On September 7th, the Grand Lake Theater will host the world premiere of The North Pole, a new web series set in contemporary Oakland.
In each ten-minute episode, friends, Nina, Marcus, and Benny, (Reyna Amaya, Donte Clark, and Santiago Rosas) navigate their changing neighborhood of North Oakland—known as the North Pole—through the dual lens of gentrification and global warming.
“What’s happening globally with climate change was a powerful and interesting way to talk about what’s going on locally,” said writer Josh Healey.
“Whether you’re talking about global warming, or affordable housing, or racial justice, everyone might be talking about it, and nobody understands what the other person is saying,” said Healey. “All these things matter, but matter differently depending on where you’re sitting.”
“We’re not necessarily saying that we need to have one conversation,” he added, “but understand that there are multiple conversations happening and we can ask, ‘who do we need to be prioritizing?’”
Director Yvan Iturriaga said he wanted to show what Oakland meant to him, “an edgy and very diverse but kind of a bipolar city.”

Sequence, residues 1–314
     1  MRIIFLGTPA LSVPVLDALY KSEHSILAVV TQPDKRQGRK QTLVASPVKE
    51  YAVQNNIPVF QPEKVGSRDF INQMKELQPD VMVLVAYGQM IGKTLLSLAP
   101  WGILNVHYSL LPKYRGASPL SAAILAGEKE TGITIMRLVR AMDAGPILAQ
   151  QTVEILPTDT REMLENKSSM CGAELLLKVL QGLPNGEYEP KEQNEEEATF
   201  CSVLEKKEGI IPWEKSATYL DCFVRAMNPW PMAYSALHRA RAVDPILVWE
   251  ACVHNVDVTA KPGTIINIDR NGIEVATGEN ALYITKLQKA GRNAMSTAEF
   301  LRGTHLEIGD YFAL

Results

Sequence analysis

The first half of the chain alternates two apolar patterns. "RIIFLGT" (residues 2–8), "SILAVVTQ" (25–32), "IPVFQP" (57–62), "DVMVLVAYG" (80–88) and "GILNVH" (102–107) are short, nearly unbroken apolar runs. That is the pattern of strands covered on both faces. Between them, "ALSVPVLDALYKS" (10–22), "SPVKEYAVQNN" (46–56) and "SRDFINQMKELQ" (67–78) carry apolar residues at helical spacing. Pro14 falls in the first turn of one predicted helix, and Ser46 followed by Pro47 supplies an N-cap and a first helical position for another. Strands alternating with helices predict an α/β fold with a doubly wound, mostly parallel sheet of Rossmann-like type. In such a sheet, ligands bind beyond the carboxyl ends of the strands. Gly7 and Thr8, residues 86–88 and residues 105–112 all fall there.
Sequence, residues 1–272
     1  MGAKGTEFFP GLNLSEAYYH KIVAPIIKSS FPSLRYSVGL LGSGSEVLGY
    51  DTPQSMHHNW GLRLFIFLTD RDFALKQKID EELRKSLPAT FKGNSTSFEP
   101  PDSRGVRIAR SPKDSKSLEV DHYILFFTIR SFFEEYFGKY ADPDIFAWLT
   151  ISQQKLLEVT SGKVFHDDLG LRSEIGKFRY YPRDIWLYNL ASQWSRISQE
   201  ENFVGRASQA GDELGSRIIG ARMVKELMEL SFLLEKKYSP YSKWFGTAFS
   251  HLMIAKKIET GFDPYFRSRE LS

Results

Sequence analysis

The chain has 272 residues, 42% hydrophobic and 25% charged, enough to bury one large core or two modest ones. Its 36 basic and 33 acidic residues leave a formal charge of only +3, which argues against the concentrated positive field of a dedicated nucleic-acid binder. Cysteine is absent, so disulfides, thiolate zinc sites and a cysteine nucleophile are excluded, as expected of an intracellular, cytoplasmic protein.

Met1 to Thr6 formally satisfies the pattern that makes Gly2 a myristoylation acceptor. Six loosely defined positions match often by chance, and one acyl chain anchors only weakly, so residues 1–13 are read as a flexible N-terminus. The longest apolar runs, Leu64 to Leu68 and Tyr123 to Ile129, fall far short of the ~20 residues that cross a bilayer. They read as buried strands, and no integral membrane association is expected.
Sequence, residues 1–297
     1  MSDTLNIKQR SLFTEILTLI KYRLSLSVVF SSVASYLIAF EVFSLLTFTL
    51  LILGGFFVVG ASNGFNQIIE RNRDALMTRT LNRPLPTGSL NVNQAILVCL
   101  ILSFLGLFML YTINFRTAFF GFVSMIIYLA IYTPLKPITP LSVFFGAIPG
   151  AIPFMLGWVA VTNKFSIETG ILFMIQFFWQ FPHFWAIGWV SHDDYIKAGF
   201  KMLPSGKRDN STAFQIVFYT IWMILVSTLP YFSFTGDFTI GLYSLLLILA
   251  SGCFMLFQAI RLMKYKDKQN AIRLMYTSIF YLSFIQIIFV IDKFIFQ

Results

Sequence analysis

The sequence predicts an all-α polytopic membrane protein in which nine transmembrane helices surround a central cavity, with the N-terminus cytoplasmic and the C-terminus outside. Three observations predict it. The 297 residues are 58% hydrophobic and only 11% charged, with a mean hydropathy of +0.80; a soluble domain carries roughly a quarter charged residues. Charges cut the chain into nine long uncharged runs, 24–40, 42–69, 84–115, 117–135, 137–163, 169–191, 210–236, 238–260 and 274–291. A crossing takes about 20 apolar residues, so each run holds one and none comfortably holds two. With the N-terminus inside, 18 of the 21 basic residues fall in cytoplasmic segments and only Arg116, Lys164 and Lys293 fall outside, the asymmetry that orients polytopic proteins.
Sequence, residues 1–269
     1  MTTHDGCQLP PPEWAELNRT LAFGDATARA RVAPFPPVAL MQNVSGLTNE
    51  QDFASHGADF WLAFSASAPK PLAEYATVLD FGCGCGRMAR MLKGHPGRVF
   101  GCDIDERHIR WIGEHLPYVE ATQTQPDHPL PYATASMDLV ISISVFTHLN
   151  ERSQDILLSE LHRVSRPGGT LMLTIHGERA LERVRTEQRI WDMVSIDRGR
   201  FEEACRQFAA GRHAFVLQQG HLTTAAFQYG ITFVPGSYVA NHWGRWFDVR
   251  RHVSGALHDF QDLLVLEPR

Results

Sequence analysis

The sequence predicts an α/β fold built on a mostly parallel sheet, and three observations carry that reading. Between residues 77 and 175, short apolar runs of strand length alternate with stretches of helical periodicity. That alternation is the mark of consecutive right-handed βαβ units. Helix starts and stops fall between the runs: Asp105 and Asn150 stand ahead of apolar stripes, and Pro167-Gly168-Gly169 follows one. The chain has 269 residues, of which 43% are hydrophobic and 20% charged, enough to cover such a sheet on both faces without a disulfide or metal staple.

“Oakland is a place that has a lot of beautiful struggle in it,” said Iturriaga. “Trying to visually transmit those conflicts—the beauty and the trouble waters—has been an interesting challenge.”
Limits of budget, cast, and crucially, time all imposed themselves on the production. Not to mention, as a web series, each episode could only be about ten minutes long. “The constraints really molded everything in this first season,” said the director.
“Oakland is very territorial about who you know and what you’re doing,” said Iturriaga. But as a North Oakland resident with a very small crew, he said he felt confident filming on location and encountered few problems.
“Every scene and every location is a very deliberate choice,” he said. As a result, many scenes take place in familiar settings.
The series is produced in partnership with Movement Generation, an Oakland-based nonprofit advocating “liberation and restoration of land, labor, and culture.”
“Most nonprofits don’t produce narrative web series,” said Healey. “But if we’re going to change policy, we have to change story and the stories that are told. Who are the characters? Who are the villains? We’re showing what an artists’ and activists’ project/movement could look like.”
“This is not a straight comedy. It’s a political comedy,” said Healey. “There are punchlines that will make you laugh, punchlines that will make you angry, and a lot in between. You’re hit in your head your heart your funny bone and your raised fist, all at the same time.”
The North Pole will premiere at the Grand Lake Theater on Thursday, September 7th at 7:00pm, with a second showing at 9:30pm. A Q&A will follow each showing.
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